Before the days of Christmas light tours with guiding maps, Christmas was a softly lighted time of year. Only open shades revealed glimpses of the neighbor’s tree hung with bubble lights and tinsel. Beneath the tree were unseen gifts, but not too many as the focus of Christmas was mostly church and family gatherings.
Of course, as children, Christmas was a time of practice for programs and the anticipation of something sweet and lovely from a teacher or a community Santa celebration. But it was never a time of over abundance – at least not for us.
The sun rose late and darkness came early to the small communities and farmsteads of my youth. Very rare were the winters without a cover of white sparkly snow and cold. Christmas Eve we walked to church. I followed my mother’s high-heeled footprint, marveling at the triangle-shaped toe, a space and then the impression of the tiny round poke in the snow that constituted the heel. Those same shoes also made such a lovely clicking noise on the sidewalk surrounding the church with echoes in the silent night.
The service always ended with candles, real candles with paper drip guards. Everyone that could was allowed to hold a light while Silent Night was sung in German. I miss that. Alot.
Christmas Day always meant a trip to Grandma’s house – both of them. First we would have lunch at Grandma Kaseman’s. Nearly everyone who could be, was there. The focus was on food, not gifts; although there were a few of those passed around after a wonderful meal. Grandma had an enamel roaster and after the men were fed and gone, the women would sit and eat, scrapping the last of those caramelized potatoes from that pan. My Aunt Leona usually sent a basket of dried fruit from California to compliment the nuts, chocolates and dill pickles set out for nibbling.
In the late afternoon, we jumped into the Chevy and headed to my mother’s parents house several blocks away. You could count on Grandma’s white-frosted honey cookies, popcorn balls, nuts and citrus fruit – but the house was rather small and my mother didn’t always like to stay for dinner. Now, that she is a great-grandma, she talks about how she should have…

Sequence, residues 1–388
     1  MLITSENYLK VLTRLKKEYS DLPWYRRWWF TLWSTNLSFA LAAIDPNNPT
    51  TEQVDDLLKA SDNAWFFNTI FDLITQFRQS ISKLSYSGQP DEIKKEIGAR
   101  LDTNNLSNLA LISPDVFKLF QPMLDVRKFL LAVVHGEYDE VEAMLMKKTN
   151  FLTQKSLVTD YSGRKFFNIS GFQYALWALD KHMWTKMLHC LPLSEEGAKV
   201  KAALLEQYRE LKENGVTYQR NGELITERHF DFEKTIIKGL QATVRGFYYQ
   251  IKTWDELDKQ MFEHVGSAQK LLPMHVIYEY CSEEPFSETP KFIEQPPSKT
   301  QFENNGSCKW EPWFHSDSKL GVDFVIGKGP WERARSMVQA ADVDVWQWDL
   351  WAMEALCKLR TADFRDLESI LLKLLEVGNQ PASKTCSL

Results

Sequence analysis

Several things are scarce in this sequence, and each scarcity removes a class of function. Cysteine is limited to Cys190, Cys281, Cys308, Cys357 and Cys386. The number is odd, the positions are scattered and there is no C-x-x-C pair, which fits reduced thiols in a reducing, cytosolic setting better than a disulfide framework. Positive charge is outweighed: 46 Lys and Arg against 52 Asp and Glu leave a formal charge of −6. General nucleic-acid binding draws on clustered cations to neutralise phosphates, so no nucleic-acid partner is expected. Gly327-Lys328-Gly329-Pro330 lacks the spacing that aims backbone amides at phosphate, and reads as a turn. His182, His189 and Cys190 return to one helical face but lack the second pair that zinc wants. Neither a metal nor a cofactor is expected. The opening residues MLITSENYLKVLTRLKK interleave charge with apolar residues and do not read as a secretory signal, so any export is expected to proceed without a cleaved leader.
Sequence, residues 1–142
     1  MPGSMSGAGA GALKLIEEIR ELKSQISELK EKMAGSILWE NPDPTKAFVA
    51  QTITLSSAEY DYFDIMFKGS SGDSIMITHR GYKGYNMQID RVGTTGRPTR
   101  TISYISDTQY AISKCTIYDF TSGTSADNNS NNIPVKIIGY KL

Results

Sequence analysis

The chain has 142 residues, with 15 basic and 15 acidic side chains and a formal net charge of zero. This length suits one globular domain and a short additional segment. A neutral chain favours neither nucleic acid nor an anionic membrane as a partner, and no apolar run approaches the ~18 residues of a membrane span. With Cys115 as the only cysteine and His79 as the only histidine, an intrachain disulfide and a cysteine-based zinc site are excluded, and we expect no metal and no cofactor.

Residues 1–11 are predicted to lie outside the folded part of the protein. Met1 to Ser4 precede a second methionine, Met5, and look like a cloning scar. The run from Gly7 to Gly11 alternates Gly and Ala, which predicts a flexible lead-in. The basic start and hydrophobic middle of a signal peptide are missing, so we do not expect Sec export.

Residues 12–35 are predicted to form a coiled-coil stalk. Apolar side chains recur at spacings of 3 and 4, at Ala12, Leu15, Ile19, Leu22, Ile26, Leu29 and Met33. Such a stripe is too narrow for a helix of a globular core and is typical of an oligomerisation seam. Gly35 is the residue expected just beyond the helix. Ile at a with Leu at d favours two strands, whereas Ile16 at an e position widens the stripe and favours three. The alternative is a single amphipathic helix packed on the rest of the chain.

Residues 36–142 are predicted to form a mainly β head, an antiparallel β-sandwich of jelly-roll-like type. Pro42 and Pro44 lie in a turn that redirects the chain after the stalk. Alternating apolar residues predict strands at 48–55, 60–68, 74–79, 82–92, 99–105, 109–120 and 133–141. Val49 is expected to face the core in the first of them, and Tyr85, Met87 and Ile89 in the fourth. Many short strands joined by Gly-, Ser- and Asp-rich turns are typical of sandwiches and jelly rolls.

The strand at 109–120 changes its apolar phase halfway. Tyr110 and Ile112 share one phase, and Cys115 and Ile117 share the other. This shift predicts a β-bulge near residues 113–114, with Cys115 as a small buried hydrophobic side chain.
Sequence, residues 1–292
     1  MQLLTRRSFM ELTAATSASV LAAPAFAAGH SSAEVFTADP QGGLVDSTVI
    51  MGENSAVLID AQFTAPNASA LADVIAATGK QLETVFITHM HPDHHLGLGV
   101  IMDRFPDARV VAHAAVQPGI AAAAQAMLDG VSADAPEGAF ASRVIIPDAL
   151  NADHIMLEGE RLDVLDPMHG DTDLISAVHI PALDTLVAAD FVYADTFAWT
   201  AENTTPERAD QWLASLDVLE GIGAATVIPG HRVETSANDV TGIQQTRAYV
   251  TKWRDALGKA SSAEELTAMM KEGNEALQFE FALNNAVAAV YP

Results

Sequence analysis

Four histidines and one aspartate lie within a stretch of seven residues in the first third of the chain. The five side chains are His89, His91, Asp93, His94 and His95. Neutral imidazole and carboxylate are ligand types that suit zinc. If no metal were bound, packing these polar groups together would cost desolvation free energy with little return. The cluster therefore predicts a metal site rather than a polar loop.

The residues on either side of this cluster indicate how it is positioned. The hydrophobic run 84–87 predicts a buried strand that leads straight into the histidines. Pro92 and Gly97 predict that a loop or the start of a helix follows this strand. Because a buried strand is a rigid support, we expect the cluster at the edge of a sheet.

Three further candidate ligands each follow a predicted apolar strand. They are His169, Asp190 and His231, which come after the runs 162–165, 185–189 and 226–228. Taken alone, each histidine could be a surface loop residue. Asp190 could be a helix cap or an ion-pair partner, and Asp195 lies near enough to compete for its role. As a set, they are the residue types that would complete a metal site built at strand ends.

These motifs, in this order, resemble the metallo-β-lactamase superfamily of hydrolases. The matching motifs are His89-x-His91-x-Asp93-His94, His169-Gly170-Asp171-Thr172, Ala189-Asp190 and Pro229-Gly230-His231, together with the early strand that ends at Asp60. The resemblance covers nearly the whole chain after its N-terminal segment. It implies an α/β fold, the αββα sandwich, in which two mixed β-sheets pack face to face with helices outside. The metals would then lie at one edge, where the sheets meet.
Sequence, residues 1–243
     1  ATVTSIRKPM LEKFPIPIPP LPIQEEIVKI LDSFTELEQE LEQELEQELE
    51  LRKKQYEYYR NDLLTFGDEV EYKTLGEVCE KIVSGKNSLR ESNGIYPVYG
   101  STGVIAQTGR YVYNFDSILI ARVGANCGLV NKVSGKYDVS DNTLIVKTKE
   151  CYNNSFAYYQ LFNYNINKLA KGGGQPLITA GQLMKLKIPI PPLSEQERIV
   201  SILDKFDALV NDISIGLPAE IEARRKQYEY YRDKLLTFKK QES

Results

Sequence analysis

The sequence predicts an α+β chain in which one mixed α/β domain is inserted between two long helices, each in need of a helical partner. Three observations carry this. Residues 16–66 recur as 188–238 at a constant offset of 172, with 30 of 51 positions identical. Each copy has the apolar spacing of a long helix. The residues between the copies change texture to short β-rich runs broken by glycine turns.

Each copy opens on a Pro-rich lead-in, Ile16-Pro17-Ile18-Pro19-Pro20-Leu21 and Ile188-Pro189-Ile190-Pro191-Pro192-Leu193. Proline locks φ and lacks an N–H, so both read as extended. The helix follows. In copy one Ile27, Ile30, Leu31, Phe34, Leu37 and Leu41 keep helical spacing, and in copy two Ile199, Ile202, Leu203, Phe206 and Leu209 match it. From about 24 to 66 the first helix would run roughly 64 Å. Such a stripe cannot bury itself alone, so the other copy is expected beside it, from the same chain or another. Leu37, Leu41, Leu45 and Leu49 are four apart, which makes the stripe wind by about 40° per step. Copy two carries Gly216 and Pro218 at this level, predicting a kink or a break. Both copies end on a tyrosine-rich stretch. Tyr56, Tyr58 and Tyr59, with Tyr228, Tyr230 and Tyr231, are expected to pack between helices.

With so many grandchildren, our gifts were small, tokens of the season. Before a certain age, a box of Cracker Jack with a silver dollar, and later a paper dollar, handed to each of the youngsters. It was a time when Cracker Jack toys were substantial. When we were older, we received something that Grandma crocheted – in the early years large doilies or toaster covers. As she got older, the items became smaller, but no less beautiful.
Christmas used to be a much simpler and quiet time – relaxing. A break from work and school focused on church.
And before the days of lighted houses that look like Christmas cards everywhere you look, my Grandpa Kaseman commissioned my mother to paint a Christmas card on three panels of wood. Last year when my Uncle Ed and Aunt Alice moved to a smaller home, he presented me with some slides. Photos I had never seen before of those Christmases at Wishek. In the mix was a photo of the three panels. By the time the household auction came around, there was only the middle panel remaining to be auctioned off. I imagine Grandpa couldn’t bear to use the Christ Child to build or repair something else. I had imagined those two panels as having angels on them, but I was wrong. I can still remember the Christmas Card that was used for the painting. Mom had drawn crisscross pencils lines on it to help enlarge the image.
Today the panel hangs in our pseudo art gallery in the large garage north of Mandan, but I am sharing the photo and a few memories as we move into the Holy Week of Christmas. Blessings and good food to you and your families…